Skip to main content

Examining Race and Endometrial Cancer Outcomes

A Cedars-Sinai Cancer study concluded that among patients with low-risk endometrial cancer, Black women are less likely than white women to receive curative surgery. Photo by Getty Images.
A Cedars-Sinai Cancer study concluded that among patients with low-risk endometrial cancer, Black women are less likely than white women to receive curative surgery. Photo by Getty Images.
A Cedars-Sinai Cancer study concluded that among patients with low-risk endometrial cancer, Black women are less likely than white women to receive curative surgery. Photo by Getty Images.

Cedars-Sinai Investigators Find Black Women With Low-Risk Disease Are Less Likely Than White Women to Receive Lifesaving Hysterectomies, and Less Likely to Survive Their Cancer

Investigators from Cedars-Sinai Cancer found that Black women with a low-risk form of endometrial cancer were less likely than white women with the same cancer to have a hysterectomy, and less likely to survive their cancer. The study, published in the peer-reviewed journal Gynecologic Oncology, concluded that further research is needed to clarify the reasons for this disparity.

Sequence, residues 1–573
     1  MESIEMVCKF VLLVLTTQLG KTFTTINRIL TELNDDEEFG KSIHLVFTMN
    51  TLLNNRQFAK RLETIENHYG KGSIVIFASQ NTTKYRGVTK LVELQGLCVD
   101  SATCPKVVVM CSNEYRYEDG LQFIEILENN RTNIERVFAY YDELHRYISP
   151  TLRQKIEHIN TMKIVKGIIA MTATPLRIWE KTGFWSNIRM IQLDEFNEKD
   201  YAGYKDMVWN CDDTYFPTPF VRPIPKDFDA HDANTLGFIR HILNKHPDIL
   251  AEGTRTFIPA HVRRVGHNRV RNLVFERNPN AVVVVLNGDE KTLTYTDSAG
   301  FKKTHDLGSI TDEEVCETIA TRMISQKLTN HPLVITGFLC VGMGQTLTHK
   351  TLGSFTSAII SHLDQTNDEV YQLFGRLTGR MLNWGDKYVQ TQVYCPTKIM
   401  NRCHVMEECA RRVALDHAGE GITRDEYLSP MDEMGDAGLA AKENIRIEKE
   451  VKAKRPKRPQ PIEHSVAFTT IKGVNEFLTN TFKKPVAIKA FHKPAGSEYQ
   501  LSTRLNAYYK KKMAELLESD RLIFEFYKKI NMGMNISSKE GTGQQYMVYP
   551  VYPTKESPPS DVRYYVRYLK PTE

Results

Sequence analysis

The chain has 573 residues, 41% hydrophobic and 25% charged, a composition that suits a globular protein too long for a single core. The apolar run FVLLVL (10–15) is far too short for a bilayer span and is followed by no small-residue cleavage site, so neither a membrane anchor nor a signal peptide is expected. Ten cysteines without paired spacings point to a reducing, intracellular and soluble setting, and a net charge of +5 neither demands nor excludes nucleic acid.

Kristin Taylor, MD

Kristin Taylor, MD

“We’ve known for years that Black women with endometrial cancer have lower survival rates than white women, largely because they are more likely to have an aggressive subtype and to be diagnosed at an advanced stage,” said Kristin Taylor, MD, assistant professor of Obstetrics and Gynecology at Cedars-Sinai and lead author of the study. “But our study found this disparity persists even when we compare patients with the lowest-risk form diagnosed at the earliest possible stage.”

Taylor and fellow investigators reviewed data on more than 23,000 Black and white women from the National Cancer Institute’s SEER database, which collects data from registries in 18 geographic areas in the U.S. All of the patients had the earliest-stage, least-aggressive endometrial cancer—a type called stage 1A low-grade endometrioid endometrial carcinoma.

“Low-grade endometrioid tumors account for about 80% of endometrial cancers, and most of these are stage 1 at diagnosis,” said Taylor. “For these patients, standard treatment is hysterectomy, and many should be cured without the need for radiation or chemotherapy.”

The SEER data showed that the vast majority of patients, both Black and white, were treated with hysterectomy and had high overall survival rates. However, while just 1% of white women did not receive hysterectomies, 3% of Black women in the study didn’t receive this lifesaving surgery.

“We had hoped that when we looked only at the lowest-risk patients, the disparity between Black and white women would disappear, but it did not,” Taylor said. “It’s disappointing.”

Residing in the South, being insured with Medicaid, and residing in a county with low median income were also associated with not receiving surgery.